6. Clean Your Bedroom
Yes, you read that correctly. The energy of the early morning hours is one of increasing energy. From a feng-shui perspective, a lot of energy flows early in the morning, especially in the spring and summer. That energy needs to flow smoothly through your bedroom. Plenty of good articles and books on how to feng-shui your bedroom for insomnia are available, so I won’t go into those details here.
Cleaning any clutter out of your bedroom, and particularly from under your bed, is a great place to start. As the energy becomes active in the early morning, and moves through your room, it bounces off of things. By nature, fewer things means less bouncing energy.
Imagine a smooth mountain stream flowing through your bedroom. In the morning hours, that energetic stream is going to rise and move faster. You want it to continue to flow easily and not become a raging rapid as it bounces off all the clutter in your room. If the clutter is under your bed, guess where the big wave and whirlpools are going to develop? No wonder so many people can’t sleep! So, a few moments removing clutter can make a surprising difference in your ability to sleep longer.
The best time to go to bed is between 10 and 10:30 pm—or even earlier, if you need to get up super early like I do. The reason? Momentum. Every 24 hours of the day has a yin time and a yang time. Yin is still, quiet cool, and calm; sleep is a yin activity. Yang is active, moving, and warm; being awake is a yang activity. In short, day is yang, and night is yin.
Now imagine a pendulum swinging back and forth. When the pendulum reaches its maximum arc on the left, the pendulum stops briefly, reverses course, and swings toward the right. When the pendulum reaches its maximum height on the right, it again pauses briefly before reversing course and heading back to the left. With me?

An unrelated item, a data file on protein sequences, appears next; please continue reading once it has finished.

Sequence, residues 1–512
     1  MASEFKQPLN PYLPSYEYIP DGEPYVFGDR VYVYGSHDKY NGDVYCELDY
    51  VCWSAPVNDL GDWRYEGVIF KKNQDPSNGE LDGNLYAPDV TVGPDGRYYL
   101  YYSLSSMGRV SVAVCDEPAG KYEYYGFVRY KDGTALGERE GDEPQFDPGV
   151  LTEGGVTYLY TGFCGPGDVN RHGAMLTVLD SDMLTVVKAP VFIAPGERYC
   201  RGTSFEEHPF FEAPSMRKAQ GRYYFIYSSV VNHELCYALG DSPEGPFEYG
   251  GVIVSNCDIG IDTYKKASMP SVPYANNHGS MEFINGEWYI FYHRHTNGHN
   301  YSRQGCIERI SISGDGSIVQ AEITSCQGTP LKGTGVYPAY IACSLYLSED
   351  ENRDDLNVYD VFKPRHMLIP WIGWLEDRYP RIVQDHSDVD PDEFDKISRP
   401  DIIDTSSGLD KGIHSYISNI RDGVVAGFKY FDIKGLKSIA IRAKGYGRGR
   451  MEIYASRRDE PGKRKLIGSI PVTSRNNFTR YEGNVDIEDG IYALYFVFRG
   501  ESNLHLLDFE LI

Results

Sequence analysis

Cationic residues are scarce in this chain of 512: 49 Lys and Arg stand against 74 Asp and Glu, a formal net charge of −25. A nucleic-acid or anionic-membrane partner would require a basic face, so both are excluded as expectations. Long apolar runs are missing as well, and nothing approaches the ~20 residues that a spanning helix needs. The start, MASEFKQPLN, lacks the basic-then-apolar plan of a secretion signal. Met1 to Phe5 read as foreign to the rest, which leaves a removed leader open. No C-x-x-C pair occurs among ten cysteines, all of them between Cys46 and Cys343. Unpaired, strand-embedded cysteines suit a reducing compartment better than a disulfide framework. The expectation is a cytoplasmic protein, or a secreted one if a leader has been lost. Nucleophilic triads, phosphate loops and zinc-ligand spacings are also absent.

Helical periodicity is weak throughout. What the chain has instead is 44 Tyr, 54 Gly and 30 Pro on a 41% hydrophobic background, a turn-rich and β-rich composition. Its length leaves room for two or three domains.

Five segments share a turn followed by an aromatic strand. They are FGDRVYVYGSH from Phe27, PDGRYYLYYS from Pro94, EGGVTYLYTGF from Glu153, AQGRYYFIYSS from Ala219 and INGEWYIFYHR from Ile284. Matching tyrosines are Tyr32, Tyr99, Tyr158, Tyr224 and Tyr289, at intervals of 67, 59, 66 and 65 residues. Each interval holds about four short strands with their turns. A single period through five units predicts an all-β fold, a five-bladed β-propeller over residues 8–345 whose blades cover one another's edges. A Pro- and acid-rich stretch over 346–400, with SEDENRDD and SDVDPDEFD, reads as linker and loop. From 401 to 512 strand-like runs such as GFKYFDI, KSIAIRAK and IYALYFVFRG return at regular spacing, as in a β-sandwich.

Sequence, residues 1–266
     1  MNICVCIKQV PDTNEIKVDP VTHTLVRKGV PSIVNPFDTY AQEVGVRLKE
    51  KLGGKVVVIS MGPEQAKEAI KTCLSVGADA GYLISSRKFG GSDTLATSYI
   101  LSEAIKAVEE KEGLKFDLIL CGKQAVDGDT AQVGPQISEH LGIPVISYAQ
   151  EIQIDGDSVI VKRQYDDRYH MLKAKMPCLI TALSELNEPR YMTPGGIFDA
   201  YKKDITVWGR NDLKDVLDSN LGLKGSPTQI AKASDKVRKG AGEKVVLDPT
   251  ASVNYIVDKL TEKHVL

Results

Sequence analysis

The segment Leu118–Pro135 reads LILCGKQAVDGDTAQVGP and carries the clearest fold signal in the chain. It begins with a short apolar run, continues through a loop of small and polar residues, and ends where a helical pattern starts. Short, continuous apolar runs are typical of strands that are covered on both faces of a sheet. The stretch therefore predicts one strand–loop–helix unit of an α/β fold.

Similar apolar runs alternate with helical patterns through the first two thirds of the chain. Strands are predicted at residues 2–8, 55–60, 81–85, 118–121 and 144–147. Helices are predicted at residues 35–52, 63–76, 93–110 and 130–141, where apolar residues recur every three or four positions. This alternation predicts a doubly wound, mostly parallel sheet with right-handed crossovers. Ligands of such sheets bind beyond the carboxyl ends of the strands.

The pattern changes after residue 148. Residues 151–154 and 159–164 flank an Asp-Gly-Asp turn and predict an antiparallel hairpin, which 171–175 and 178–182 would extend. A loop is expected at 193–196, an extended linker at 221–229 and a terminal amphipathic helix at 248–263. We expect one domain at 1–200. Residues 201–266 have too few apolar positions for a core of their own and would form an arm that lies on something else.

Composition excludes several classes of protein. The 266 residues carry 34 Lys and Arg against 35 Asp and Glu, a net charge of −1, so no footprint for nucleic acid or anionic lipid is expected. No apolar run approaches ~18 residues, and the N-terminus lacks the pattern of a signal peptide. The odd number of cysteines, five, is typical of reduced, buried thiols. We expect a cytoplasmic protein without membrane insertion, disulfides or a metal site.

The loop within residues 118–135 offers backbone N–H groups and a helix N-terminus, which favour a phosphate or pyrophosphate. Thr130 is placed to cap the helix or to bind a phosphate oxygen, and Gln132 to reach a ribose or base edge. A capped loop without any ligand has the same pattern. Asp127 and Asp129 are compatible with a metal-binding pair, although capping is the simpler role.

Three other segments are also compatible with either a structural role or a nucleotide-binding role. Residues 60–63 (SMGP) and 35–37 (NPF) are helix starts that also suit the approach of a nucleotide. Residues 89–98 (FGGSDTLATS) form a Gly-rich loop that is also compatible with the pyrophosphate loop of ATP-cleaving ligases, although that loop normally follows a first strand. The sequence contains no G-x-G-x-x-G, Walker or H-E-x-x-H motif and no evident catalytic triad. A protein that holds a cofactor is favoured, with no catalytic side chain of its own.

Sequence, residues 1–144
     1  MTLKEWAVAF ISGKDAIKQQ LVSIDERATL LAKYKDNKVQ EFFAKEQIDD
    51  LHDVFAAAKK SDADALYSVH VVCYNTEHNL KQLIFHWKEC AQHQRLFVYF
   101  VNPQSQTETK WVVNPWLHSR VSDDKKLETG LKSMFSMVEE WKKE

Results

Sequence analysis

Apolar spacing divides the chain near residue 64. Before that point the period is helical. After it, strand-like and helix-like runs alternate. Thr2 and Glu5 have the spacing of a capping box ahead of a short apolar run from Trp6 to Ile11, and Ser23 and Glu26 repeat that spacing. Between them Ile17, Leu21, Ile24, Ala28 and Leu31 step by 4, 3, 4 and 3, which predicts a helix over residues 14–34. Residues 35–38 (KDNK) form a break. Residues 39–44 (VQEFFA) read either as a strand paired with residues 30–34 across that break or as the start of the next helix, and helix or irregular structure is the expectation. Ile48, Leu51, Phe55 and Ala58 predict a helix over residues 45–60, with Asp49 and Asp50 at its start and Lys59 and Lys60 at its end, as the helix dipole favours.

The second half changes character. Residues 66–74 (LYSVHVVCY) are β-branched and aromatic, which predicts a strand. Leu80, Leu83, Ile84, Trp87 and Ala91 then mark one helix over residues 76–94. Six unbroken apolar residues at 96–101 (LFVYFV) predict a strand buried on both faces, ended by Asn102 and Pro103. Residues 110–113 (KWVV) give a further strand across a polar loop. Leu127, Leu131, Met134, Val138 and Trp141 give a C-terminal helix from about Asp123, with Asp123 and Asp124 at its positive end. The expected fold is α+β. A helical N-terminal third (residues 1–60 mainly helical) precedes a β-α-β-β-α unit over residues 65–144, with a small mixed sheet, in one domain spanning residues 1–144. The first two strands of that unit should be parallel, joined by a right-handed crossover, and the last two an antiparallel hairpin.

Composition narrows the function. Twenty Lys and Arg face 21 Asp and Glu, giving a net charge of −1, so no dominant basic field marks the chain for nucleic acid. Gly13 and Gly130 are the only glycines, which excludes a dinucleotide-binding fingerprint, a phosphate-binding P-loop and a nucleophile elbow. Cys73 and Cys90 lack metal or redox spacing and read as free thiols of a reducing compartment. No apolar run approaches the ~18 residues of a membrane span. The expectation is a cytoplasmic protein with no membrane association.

OK, now imagine the left side of the pendulum arc is the yin part of the day, and the right side is yang part of the day. That moment of stillness at maximum height on the left side represents midnight, and the moment of stillness on the right is noon. When the pendulum is pointed straight down, it is either 6 am—if the pendulum is moving from left (yin) to right (yang)—or 6 pm, if the pendulum is moving right to left.
What does any of this have to do with sleep? Everything. If you’re still awake at midnight, you suddenly lose momentum, because the pendulum reverses course and starts moving toward the right, toward the yang, toward waking. It is usually much harder to fall asleep after midnight. If, however, you can get to bed by 10:30, you have a full 90 minutes of yin momentum, taking you deeper and deeper into that dark pool of yin stillness before the momentum shifts. Try it; it really does make a difference. Oh, and plenty of science supports this claim.
Many sleep studies have shown beyond any doubt that sleep loves routine. And a routine is being consistent with the time you go to bed, the time you wake, and your routines before sleep and after waking. Red light before bed, blue light upon rising. Let your body know when it’s time to wake and time to sleep, and be consistent with those routines.
Many herbs have a long history of safe and effective use for insomnia.
Chamomile: Although chamomile can be somewhat effective, it’s usually best for relatively mild cases. The active constituent in chamomile that is sedating is also very, very bitter. Much of the chamomile on the market today has been bred to taste good and, therefore, is not very effective. If you’re going to use a chamomile tea, find one that tastes awful.
Valerian: Easy to find in either tea or herb form, valerian is a wonderful herb for sleep. The interesting thing about Valerian is that it works well for about 85% of the population and is actually stimulating for the remaining 15%. I recommend trying it for about a week before determining into which portion of the population you fall.
Ye Jiao Teng: For waking early, one herb in particular stands above the rest—caulis Polygoni multiflori or Fleeceflower Vine. In Chinese herbalism, this herb’s name is Ye Jiao Teng, which translates roughly as “through the night vine,” a name that really sums up the herb’s action. Ye jao teng doesn’t as much help you fall asleep as it helps you stay asleep … through the night. In addition, I’ve found that adding a good dose of ye jiao teng to any of the number of herbal remedies will help a patient sleep deeper and longer.